ⓘ Into the Sun (1992 film)

                                     

ⓘ Into the Sun (1992 film)

Into the Sun is a 1992 action comedy film involving a pilot and actor thrown into a dangerous situation. The film stars Michael Pare and Anthony Michael Hall. Into the Sun is rated R. It includes profanity and sexual innuendoes.

                                     

1. Plot

Paul "Shotgun" Watkins Michael Pare is an American pilot stationed in Sicily who patrols the Middle East. He is taken off his normal duties to orient Tom Slade Anthony Michael Hall, a conceited actor about being a pilot in United States Air Force for an upcoming film role. Slade wants to "get the feeling" before he plays the part in a movie about fighter pilots. When shown fighter aircraft, Tom says dismissively: "F-14, F-16, whatever. Im not good with numbers. Ive got accountants for numbers."

When Watkins takes Slade for a ride in an F-16 fighter, they are shot down and find themselves stranded behind enemy lines and facing a real life combat situation.

                                     

2. Production

Into the Sun began shooting March 12, 1991 with principal photography completed on April 25, 1991. Most of its aerial footage are taken from Iron Eagle movie stock hence its Israeli Air Force camouflage, but USAF roundels. The filming in Israel provided the aerial sequences choreographed by Jim Gavin, whose earlier works include Blue Thunder.

                                     

3. Reception

Film historian and reviewer Leonard Maltin noted that Into the Sun was very similar to scenario seen in The Hard Way 1991 starring Michael J. Fox and James Woods. The two films, however had a "change of milieu and budget. He summarized his appraisal as "aerial stunts arent bad considering the threadbare production values, but its only for those wholl try out anything that pops up on the video store shelves."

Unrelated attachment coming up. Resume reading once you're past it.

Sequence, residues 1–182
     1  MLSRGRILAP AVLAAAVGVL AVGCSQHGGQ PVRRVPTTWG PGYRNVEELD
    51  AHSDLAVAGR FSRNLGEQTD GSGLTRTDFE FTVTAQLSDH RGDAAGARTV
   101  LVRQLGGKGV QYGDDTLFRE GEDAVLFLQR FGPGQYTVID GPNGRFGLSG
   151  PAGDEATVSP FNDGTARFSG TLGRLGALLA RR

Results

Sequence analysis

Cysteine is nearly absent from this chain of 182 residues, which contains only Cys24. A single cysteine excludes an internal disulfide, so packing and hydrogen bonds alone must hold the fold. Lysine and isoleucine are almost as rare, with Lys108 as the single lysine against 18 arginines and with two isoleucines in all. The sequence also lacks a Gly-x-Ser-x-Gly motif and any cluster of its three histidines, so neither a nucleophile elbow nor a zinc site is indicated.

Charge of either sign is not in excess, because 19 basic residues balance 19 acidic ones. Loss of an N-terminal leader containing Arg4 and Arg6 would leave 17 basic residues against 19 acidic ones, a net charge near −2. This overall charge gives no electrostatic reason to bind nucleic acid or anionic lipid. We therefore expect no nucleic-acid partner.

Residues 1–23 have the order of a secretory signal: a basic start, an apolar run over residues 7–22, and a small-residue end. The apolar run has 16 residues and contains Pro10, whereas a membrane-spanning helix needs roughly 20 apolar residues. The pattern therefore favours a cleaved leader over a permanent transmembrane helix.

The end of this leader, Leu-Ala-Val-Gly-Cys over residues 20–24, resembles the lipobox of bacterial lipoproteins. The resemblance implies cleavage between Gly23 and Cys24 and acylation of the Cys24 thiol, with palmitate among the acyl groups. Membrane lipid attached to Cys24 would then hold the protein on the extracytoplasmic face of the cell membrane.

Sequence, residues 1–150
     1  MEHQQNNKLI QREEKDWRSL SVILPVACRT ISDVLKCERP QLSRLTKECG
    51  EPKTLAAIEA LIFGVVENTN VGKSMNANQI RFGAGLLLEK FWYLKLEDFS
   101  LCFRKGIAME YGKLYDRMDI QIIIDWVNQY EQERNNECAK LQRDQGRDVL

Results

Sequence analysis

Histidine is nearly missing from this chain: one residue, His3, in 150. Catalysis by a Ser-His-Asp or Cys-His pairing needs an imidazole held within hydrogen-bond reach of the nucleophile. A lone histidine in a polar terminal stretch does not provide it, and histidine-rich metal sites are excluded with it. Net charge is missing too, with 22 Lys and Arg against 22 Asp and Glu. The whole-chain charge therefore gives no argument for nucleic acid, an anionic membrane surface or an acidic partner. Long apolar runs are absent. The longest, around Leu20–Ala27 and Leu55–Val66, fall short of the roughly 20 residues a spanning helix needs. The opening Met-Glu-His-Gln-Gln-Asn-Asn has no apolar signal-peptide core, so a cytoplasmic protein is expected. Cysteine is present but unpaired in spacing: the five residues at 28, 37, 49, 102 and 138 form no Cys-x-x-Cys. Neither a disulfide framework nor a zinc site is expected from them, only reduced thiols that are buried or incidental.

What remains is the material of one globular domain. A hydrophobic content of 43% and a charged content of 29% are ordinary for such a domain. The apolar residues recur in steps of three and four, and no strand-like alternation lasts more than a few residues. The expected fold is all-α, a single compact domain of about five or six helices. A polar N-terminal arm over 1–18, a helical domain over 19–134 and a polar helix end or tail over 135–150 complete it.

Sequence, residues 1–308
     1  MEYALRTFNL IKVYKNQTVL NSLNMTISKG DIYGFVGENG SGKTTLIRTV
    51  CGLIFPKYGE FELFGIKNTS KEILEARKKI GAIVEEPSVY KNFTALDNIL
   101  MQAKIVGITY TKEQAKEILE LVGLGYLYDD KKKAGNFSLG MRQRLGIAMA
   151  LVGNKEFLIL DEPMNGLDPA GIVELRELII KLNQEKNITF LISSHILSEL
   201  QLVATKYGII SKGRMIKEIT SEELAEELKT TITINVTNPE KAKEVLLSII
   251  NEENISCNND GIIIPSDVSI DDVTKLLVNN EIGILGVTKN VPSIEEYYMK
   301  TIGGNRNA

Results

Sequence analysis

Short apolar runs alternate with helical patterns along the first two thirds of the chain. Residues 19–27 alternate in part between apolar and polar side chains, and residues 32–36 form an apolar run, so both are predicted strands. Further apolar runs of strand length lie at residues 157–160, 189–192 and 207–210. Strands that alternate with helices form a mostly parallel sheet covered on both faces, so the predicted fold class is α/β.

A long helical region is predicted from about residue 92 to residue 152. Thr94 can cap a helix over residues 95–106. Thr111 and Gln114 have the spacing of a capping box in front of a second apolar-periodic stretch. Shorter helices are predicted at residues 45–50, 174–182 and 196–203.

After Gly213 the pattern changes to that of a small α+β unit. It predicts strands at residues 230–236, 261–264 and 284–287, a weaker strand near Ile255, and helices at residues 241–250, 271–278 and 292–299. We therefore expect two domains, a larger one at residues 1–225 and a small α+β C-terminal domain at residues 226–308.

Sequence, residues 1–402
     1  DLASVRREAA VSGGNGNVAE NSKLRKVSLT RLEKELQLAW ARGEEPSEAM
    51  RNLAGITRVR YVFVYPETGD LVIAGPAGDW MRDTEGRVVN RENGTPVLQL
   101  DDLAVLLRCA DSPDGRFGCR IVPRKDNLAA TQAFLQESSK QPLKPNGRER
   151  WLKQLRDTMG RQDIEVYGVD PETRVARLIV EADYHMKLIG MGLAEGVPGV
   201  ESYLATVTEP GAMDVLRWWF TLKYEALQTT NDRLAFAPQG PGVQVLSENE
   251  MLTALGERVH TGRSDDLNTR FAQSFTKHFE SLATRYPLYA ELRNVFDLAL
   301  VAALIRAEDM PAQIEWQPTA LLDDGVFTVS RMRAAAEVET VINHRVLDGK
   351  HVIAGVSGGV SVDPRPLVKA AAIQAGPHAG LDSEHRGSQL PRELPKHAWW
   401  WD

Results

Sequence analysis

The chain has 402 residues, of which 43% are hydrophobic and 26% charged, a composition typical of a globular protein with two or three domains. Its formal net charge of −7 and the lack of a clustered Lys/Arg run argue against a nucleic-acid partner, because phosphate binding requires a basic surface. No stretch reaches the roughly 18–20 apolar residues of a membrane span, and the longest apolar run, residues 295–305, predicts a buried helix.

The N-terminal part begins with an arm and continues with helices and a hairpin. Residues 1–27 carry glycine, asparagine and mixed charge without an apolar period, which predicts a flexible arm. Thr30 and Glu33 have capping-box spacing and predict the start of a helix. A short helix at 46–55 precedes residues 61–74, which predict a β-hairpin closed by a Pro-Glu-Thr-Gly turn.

Janet Maslin in her review for The New York Times, noted that the comedy elements dominated. "Mr. Hall, whose earlier performances in films like "National Lampoons Vacation" and "Sixteen Candles" have been much goofier, remains coolly funny and graduates to subtler forms of comedy with this role. Mr. Pare, who looks like a model and sounds like a wrier version of Sylvester Stallone, makes an appropriately staunch straight man. He and Deborah Maria Moore, as the pert major who attracts both Tom and Shotgun, give the film a decorative luster it might otherwise lack. Terry Kiser has some amusing moments as the loudmouth talent manager who, asked if the "star" and "sensation" who his client can be described as "Tom Slade, the actor," pauses nervously. He thinks that may be going too far."